Dkt. No. 155–5 at 12–14. Conour was thereafter sentenced to 120 months in prison and ordered to pay restitution to the client-victims.

Conour, No. 1:12–CV–1671–WTL, 2014 WL 5089290, at *1–2.

II. Conour's Representation of the Loves

[5] On May 13, 2008, Jim was injured at work. A few months later, in August of 2008, the Loves hired Conour Law Firm (the “Firm”) to represent them in a personal injury lawsuit against Meyer & Najem Construction, LLC. Unfortunately, the Loves subsequently became victims of Conour's above-described illegal acts when he settled their personal injury lawsuit without their knowledge in February of 2012.

III. Devereux's Representation of the Loves and the Termination of Devereux's Employment at the Firm
A. Events Occurring Prior to December of 2011

[6] In February of 2008, Devereux joined the Firm as an Associate Attorney. Devereux was subsequently assigned, by Conour, to work with Conour on the Loves' personal injury case.

[7] In early July of 2010, the Loves received a letter dated July 1, 2010, which read as follows:

We are pleased to introduce you to the new law firm of Conour Devereux Hammond [ 1 ] which is taking over the cases and business of Conour Law Firm, LLC. Of course, you already know all of us because we have been working with you on your case since its beginning. Your existing contract with the Conour Law Firm will be fully honored by the new firm and we are continuing to represent you as your attorneys.
Conour Devereux Hammond will represent you in the same professional and excellent manner as the Conour Law Firm. However, upon the formation of a new law firm, even though it may include the same lawyers as the previous law firm, we are required by the Indiana Rules of Professional Conduct for Attorneys to give you the option of selecting other counsel to represent you.
We presume you will want us to continue as your attorneys and, if that is true, then you do not have to respond to this letter; but if you do wish to find other counsel you must notify us within ninety (90) days of the date of this letter.
We look forward to continuing to work with you to the conclusion of your claim. If you have any questions or wish to discuss this matter, please call any one of us. Thanks.

Appellant's App. p. 67.2 The letter was signed by Conour, Devereux, and Jeffrey Hammond. Despite the July of 2010 change of the Firm name to include Devereux's name, Devereux subsequently averred, without contest, that he never had any ownership interest in the Firm, that he was never a signatory on any of the Firm's bank accounts, and was not provided access to any of the Firm's financial records.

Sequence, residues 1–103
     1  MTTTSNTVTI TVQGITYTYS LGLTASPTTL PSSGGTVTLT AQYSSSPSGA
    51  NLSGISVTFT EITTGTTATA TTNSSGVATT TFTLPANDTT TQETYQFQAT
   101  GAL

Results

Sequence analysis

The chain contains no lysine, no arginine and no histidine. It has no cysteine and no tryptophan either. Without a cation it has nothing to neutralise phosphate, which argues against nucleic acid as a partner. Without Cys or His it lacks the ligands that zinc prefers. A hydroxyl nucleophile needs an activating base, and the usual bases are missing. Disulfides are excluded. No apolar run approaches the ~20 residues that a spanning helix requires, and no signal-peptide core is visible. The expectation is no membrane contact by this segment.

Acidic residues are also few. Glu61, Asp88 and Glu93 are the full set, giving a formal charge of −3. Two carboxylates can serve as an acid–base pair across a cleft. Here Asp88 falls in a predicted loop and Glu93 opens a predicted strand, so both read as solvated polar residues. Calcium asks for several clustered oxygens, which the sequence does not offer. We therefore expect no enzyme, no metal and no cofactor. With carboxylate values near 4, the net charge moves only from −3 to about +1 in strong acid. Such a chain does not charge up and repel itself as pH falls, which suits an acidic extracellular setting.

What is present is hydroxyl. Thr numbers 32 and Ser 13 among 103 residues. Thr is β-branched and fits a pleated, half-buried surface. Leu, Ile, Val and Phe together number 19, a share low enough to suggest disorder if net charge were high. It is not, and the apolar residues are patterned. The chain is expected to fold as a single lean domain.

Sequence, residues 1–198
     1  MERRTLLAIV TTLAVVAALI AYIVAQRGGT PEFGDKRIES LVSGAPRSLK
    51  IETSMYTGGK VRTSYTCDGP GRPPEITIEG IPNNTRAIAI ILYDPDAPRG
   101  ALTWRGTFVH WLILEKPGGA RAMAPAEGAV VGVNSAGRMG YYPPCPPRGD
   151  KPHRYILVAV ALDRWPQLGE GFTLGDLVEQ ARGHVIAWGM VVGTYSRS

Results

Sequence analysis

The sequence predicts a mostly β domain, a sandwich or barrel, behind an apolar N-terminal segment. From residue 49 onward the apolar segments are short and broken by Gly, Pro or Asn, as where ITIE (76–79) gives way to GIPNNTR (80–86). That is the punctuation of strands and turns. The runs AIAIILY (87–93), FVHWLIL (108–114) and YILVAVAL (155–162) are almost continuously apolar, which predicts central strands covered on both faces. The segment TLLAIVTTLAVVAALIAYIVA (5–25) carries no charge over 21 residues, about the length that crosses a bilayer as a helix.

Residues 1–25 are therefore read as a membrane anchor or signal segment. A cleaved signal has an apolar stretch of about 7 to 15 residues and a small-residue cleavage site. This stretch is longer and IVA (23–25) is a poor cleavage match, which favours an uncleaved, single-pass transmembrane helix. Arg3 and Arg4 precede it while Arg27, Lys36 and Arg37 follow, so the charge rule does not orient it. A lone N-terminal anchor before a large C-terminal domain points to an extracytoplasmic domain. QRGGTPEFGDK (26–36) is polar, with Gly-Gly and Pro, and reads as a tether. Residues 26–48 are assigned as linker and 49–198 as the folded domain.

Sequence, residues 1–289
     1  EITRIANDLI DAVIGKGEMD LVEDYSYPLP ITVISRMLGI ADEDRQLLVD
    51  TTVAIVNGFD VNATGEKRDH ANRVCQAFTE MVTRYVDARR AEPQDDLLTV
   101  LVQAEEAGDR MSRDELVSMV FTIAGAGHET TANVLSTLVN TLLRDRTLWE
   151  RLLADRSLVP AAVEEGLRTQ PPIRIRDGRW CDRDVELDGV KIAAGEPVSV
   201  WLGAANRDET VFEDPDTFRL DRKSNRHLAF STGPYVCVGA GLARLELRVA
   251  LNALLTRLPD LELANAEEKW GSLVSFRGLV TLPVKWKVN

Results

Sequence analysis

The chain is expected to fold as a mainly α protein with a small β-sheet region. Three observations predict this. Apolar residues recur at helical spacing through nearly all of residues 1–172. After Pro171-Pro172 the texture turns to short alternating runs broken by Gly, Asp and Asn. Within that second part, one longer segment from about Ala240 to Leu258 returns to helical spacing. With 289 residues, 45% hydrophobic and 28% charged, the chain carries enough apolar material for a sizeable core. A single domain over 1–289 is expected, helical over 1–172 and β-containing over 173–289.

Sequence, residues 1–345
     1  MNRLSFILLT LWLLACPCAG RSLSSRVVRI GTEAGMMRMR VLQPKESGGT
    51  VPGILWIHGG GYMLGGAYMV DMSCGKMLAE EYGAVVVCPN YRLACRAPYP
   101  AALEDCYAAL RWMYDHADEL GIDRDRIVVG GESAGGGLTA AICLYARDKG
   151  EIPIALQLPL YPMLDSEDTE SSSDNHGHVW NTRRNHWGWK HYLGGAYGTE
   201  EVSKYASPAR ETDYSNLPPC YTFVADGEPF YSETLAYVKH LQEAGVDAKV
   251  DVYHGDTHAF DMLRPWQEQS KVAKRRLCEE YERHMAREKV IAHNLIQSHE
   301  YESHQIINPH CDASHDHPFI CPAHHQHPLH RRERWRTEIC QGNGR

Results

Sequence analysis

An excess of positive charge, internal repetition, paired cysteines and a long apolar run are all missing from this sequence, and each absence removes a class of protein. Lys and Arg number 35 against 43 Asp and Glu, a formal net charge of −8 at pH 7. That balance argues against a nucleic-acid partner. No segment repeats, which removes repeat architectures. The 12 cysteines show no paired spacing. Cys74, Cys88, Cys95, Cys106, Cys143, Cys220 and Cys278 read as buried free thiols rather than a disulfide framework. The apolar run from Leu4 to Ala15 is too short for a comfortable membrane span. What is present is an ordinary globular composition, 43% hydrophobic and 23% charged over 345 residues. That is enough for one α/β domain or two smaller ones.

B. Events Occurring During December of 2011

[8] At some point in December of 2011, Devereux decided to terminate his employment with the Firm due to concerns he had regarding Conour's failure to timely pay expenses and expert witness fees, which was hampering Devereux's ability to adequately and timely prepare cases for trial in cases other than the Loves' matter. In addition, on December 21, 2011, after deciding to leave the Firm, Devereux became aware that a Case Verification Report, which had been prepared by Conour and sent to Advocate Capital,3 contained inaccurate and misleading information. Also on December 21, 2011, Devereux became aware that Conour had not delivered the settlement proceeds from a wrongful death case to a client, the settlement for which had been approved by the trial court in early June of 2011.

[9] Devereux resigned from his position of employment with the Firm on December 22, 2011. On this date, Devereux delivered a letter to Conour which read: “I am terminating my employment with your law firm effective December 22, 201[1] In addition, please remove me from the firm's name immediately including but not limited to the firm's letter head, the firm's website, all signage at the office and all marketing materials.” Appellant's App. p. 120.

[10] Devereux averred that based upon his experience with the Firm, “whenever an attorney left their employment with the Firm, the Firm would prepare and file Withdrawals of that attorneys [sic] Appearance on all of the Firm's cases.” Appellant's App. p. 111. Devereux further averred that he “saw this practice occur firsthand after both John Daly and Jeffrey Hammond left their employment as attorneys with the [Firm].” Appellant's App. p. 111. Devereux also averred that it was his understanding that, upon his resignation, the Firm did prepare and file withdrawals of his appearance on all of the Firm's cases and that he was advised by the office staff at the Firm that the withdrawals of his appearance had, in fact, been prepared shortly after he resigned.

[11] On December 23, 2011, Conour informed the Loves, via letter, that Devereux was “no longer an employee with [Conour's] law firm.” Appellant's App. p. 101. The December 23,...